SENIOR STATE DEPARTMENT OFFICIAL: Again, as I said, I think now that we have a cessation of hostilities that is effective to the level that it’s effective, now that the Russians have lightened their own footprint, now that de Mistura is back at the table with the parties, the question is whether we can get down to brass tacks with the Russians on how you go from here to there in terms of transitioning the government. We have not had very detailed conversations before. Whether the Russians weren’t ready, whether Assad wasn’t ready, I don't know. But I think the Secretary wants to test whether we can make more progress on this trip.

QUESTION: They indicated – I mean, when it comes to getting down to brass tacks and transition, I mean, are there any signals lately on – or you any – sense any movement on it or are you --

SENIOR STATE DEPARTMENT OFFICIAL: I think we’re making the trip so we can see.

QUESTION: That’s – so this is essentially an exploration now that this is --

SENIOR STATE DEPARTMENT OFFICIAL: Well, we’ve always said, as the Secretary has made these trips to Moscow, that on the Russian side, there’s really one decision-maker, and you need to be in the room with him to evaluate what’s possible, and that’s what the Secretary wants to do.

MODERATOR: You guys good?

QUESTION: Dave?

MODERATOR: Over there?

QUESTION: Dave looks like he’s going to --

QUESTION: I was going to ask, do you think Putin – sorry, Dave Clark from AFP – do you think that Putin’s calculus in both Syria and in Ukraine is essentially about building domestic legitimacy, or does he genuinely see strategic interests there that he needs to preserve?

SENIOR STATE DEPARTMENT OFFICIAL: I’ve never thought it was terribly productive to try to mirror what’s inside President Putin’s head.

QUESTION: But you must have some idea what he’s attempting to do when you decide how to handle it.

SENIOR STATE DEPARTMENT OFFICIAL: Well, obviously, the reason to try to see him again is to get an update on how he sees the situation in both theaters.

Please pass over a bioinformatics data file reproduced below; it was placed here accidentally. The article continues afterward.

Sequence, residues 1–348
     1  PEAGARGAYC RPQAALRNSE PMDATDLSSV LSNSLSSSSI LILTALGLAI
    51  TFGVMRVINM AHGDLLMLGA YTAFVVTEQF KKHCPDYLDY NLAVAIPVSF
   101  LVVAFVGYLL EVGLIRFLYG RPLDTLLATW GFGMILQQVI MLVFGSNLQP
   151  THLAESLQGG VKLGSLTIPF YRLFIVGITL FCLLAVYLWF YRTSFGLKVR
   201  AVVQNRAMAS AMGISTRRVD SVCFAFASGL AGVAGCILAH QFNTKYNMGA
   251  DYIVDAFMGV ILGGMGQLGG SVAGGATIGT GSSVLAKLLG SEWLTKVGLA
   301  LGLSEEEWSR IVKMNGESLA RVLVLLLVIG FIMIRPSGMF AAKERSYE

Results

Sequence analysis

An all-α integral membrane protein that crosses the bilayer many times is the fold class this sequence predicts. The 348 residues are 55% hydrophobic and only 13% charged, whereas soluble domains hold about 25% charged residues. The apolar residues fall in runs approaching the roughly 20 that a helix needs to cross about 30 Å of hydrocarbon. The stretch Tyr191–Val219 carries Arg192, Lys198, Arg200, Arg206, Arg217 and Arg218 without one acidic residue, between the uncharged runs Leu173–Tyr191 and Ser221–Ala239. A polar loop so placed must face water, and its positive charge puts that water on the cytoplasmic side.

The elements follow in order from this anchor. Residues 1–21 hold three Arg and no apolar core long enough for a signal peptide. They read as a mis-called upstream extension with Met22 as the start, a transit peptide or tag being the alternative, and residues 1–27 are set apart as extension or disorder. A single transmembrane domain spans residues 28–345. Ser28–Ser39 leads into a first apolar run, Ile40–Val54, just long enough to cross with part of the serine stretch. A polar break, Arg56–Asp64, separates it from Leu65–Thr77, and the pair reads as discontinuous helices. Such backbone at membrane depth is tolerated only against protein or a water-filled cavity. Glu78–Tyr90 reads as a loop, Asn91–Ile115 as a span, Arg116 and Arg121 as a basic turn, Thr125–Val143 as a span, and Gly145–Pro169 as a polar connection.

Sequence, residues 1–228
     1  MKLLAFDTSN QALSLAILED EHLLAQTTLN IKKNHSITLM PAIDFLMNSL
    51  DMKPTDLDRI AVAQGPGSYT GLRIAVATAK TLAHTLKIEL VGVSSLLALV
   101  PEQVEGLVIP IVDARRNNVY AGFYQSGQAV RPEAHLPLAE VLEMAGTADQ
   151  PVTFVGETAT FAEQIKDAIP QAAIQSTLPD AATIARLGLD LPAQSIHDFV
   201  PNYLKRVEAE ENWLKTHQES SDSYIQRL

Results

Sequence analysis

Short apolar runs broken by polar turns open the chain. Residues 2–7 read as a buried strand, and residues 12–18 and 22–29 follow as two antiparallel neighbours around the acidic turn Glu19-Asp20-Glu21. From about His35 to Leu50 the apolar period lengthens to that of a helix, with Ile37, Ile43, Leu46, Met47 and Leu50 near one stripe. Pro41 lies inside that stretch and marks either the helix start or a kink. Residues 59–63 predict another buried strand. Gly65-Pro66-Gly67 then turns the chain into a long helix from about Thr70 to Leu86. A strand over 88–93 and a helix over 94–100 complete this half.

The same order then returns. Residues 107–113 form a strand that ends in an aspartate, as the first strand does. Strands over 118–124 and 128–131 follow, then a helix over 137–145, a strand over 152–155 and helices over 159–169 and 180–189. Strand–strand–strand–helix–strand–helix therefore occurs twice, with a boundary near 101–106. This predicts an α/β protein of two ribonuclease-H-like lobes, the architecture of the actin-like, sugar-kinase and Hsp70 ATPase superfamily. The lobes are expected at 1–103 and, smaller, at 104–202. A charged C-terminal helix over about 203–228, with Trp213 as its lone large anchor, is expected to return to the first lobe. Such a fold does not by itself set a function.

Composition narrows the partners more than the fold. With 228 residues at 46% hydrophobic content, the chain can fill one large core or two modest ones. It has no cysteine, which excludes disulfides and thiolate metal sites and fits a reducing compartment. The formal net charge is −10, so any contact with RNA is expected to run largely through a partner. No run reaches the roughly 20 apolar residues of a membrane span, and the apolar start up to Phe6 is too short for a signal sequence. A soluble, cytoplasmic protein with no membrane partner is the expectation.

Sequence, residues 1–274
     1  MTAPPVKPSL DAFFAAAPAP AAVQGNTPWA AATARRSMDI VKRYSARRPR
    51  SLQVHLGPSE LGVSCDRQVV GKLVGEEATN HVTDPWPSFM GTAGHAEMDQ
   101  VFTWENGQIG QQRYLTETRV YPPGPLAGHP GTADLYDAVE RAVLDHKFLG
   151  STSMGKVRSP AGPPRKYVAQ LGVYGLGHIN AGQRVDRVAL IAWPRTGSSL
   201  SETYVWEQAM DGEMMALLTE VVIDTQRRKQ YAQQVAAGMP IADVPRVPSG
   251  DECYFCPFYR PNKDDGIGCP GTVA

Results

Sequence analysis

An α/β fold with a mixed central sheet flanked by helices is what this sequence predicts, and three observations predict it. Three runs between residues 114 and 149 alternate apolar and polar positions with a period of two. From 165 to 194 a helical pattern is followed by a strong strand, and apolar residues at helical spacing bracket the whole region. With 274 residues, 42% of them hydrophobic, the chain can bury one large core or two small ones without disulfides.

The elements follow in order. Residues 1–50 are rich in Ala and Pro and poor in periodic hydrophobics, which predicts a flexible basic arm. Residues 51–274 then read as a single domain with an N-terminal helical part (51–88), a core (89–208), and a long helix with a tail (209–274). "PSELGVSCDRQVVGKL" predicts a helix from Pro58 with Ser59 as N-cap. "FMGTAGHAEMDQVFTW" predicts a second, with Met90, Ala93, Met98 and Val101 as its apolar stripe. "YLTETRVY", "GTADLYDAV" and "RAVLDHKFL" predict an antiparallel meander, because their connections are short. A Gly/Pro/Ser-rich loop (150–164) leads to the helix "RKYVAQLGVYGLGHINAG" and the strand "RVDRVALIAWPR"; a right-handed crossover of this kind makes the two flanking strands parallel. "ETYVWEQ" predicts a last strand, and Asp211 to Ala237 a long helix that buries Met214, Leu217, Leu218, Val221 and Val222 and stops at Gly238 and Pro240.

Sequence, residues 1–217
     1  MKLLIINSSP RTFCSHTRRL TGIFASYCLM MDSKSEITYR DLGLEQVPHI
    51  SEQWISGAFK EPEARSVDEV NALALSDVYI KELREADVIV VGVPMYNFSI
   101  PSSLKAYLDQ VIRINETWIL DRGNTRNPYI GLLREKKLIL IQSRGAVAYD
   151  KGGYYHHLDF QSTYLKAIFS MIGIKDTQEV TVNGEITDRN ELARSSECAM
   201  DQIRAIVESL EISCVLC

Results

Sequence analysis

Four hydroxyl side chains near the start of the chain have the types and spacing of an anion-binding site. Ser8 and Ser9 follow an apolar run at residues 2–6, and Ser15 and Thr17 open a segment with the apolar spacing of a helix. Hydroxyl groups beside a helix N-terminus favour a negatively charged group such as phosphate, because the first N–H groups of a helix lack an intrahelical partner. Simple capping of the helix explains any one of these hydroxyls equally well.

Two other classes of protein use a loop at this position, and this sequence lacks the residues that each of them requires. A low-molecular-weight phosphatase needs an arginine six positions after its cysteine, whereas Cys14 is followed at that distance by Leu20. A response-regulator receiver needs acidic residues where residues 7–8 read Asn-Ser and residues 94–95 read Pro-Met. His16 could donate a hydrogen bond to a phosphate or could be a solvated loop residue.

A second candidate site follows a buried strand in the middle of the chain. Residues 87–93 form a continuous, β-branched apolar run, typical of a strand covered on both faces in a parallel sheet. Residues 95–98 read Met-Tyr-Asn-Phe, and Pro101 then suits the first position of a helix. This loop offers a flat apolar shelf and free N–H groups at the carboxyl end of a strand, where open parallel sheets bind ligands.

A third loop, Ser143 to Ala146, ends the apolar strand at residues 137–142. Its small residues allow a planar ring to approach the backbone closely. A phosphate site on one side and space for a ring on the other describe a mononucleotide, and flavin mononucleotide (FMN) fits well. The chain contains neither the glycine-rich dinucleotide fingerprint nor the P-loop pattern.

QUESTION: And does the announcement of the withdrawal signal that he might have – be changing his political calculus?

SENIOR STATE DEPARTMENT OFFICIAL: Well, it was very popular in Russia when he did his sort of mission accomplished and when he gave awards to the various Russian military who had participated. So that’s also one advantage to going to Moscow. We can see how – we can get a sense of the mood in the country.

QUESTION: And what’s – so what’s a win from this trip? Is it just fact-finding or is there something that you – we’ll be able to see that’ll make us feel like this trip went well?

SENIOR STATE DEPARTMENT OFFICIAL: I think you know Secretary Kerry well enough to know that he believes in putting in air miles and putting in shoe leather to try to build common ground, and that’s what this is about.

QUESTION: How do you see the Brussels attacks affecting – or how do you see that coming into the discussions?

SENIOR STATE DEPARTMENT OFFICIAL: I think we’ll have to see. I mean, I think it’s – we’ve all been watching the situation in Brussels, we’ve all been watching the crew that was responsible for the Paris attacks. It’ll be interesting to see whether the Russians have any particular insights, but from where we’re sitting, it’s all part of this larger ISIL threat that we’re trying to attack. So on our side, obviously, it gives a sense of urgency. We’ll see what – how it affected the Russians.

QUESTION: Is the U.S. standpoint on “Assad must go” still the same?

SENIOR STATE DEPARTMENT OFFICIAL: It is.

QUESTION: That there will be a transition of six months – six months’ transition?

SENIOR STATE DEPARTMENT OFFICIAL: Well, I’m not going to get into the details, but we hold to the framework that we set in Geneva, and now we have to see that piece implemented.

QUESTION: Can I ask about Ukraine --

SENIOR STATE DEPARTMENT OFFICIAL: Yeah.

QUESTION: -- Savchenko?

SENIOR STATE DEPARTMENT OFFICIAL: Secretary will certainly raise Savchenko. He has raised her before. President has raised her and did in the phone call. We are extremely concerned. We are, as we made clear today, this highly unjust – this 22-year sentence and her health is imperiled. So --

QUESTION: Yeah, but, I mean, is there anything other than demanding her release that you guys are prepared to do? Are you prepared to say, “Hey, listen to Poroshenko’s offer for a swap”?

SENIOR STATE DEPARTMENT OFFICIAL: I mean, that – absolutely we will say that we understand that the Ukrainians are ready to have this be part of a hostage exchange if we can be helpful in that regard. But it’s very, very important that her situation be resolved and that she get home to Ukraine as soon as possible.